I do not say such things to undermine your patriotism, although I agree with Dr. Johnson that blind, unthinking patriotism is “…the last refuge of the scoundrel.” Rather, I say these things because, if we are to honour our country, we must be vigilant when we see the bedrock principles of our country, democratic accountability, parliamentary supremacy, and the rule of law, undermined. C. S. Lewis put it this way in his book The Abolition of Man: “We make men without chests and expect of them virtue and enterprise. We laugh at honour and are shocked to find traitors in our midst.”
The best example of honouring one’s country is the soldier. So let me ask: What is the present condition of Canada’s military? Do we any longer have armed forces capable of bringing honour to our country, or have our armed forces been systematically demoralized and deconstructed? One has only to ask the question to answer it. In his poem, “The Soldier’s Return,” Robert Burns writes:
For gold the merchant ploughs the main,
The farmer ploughs the manor;
But glory is the soldier’s prize
The soldier’s wealth is honour!
The brave, poor soldier ne’er despise,
Nor count him as a stranger:
Remember he’s his country’s stay
In day and hour of danger.
An illustration of honouring one’s country comes to us across 26 centuries. Six centuries before Christ, the Romans were at war with the Etruscans. When the Etruscans marched on Rome, the Romans were greatly outnumbered. A messenger came to the capital to tell the Romans that thousands of Etruscan soldiers would soon be at the bridge over the Tiber River. One old man, Horatius, much too old for military service, went out and found two friends, and the three of them buckled on old, rusted armour, took up their ancient spears, and went out to stand on the bridge. They thought they might delay the Etruscan army long enough for Roman citizens to hew down the pillars on which that bridge stood. And that is exactly what they did. Was it heroic? Well, twenty four hundred years later, the English poet and historian Thomas Macaulay, recalled what they did in this verse:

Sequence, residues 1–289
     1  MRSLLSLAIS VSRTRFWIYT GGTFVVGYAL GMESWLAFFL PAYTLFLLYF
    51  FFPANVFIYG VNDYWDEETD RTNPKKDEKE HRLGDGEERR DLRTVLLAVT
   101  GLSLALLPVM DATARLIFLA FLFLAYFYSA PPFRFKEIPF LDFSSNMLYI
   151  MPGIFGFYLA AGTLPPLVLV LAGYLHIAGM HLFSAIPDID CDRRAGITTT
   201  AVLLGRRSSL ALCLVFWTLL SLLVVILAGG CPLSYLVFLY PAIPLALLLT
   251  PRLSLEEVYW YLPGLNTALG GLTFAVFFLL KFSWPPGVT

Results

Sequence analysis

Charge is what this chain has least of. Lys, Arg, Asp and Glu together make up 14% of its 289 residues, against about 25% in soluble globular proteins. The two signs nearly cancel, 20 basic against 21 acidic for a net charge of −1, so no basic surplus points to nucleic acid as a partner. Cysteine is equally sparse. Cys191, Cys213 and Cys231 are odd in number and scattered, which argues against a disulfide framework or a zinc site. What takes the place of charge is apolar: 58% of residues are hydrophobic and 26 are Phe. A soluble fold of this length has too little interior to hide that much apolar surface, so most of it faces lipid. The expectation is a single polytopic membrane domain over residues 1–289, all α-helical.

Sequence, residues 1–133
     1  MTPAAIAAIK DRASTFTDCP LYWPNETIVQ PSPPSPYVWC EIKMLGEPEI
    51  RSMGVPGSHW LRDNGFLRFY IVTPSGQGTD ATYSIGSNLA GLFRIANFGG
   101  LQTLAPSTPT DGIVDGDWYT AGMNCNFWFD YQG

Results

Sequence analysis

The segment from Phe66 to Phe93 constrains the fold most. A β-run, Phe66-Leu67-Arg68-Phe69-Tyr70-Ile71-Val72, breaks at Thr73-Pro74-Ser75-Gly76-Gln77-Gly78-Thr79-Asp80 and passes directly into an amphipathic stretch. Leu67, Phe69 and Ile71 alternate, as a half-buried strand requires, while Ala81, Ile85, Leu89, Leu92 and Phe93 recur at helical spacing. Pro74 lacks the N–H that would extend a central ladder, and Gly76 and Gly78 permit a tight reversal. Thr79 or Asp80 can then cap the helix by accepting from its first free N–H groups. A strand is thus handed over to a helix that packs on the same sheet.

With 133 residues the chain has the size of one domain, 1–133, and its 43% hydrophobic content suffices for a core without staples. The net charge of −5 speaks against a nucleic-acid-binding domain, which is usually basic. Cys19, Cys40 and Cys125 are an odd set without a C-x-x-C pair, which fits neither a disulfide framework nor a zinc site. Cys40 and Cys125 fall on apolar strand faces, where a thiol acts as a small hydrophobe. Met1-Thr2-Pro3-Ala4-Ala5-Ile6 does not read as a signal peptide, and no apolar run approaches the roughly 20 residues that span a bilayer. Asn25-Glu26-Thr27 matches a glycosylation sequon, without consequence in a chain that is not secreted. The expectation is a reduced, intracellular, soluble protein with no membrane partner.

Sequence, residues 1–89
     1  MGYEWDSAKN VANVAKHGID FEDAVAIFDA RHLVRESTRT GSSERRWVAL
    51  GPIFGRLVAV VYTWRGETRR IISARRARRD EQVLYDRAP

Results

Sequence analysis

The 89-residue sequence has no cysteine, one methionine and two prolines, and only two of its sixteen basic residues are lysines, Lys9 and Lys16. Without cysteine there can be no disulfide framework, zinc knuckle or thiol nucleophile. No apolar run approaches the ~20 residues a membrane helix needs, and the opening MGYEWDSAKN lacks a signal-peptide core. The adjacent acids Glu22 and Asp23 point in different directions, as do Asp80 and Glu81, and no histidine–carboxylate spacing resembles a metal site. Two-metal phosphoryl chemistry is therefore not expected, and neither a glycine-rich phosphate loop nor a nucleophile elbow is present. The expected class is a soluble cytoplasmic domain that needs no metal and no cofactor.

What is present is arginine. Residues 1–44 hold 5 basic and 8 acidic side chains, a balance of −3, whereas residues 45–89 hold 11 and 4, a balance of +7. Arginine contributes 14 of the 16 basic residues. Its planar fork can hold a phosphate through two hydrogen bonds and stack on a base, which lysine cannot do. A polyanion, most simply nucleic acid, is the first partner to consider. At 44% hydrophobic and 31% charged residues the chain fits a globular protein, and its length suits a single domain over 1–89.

Then out spake brave Horatius,
The Captain of the gate;
“To every man upon this earth
Death cometh soon or late.
And how can man die better
Than facing fearful odds,
For the ashes of his fathers
For his country and his gods?”
I sometimes think of pro-lifers as like Horatius standing on the crumbling bridge that is Canada, a bridge from which the foundations have been hacked away, determined to bear witness to the truth; for its own sake, for God’s sake, for honour’s sake, and yes, for Canada’s sake.
Now through most of my years in the pro-life movement, I confess that I have been deeply pessimistic about our chances of changing anything; from the initial legislation in 1968, through the petition of one million signatures in the 70s, to the 1988 Supreme Court Morgentaler decision, to the Court’s lowering the age of sexual consent in the 90s, right up to last June when Western University went ahead, despite widespread alumni protests, to honour an abortionist, the Canadian pro-life story is one of unbroken parliamentary and judicial defeats. Again and again we lose; yet your presence tonight is proof that we are not defeated.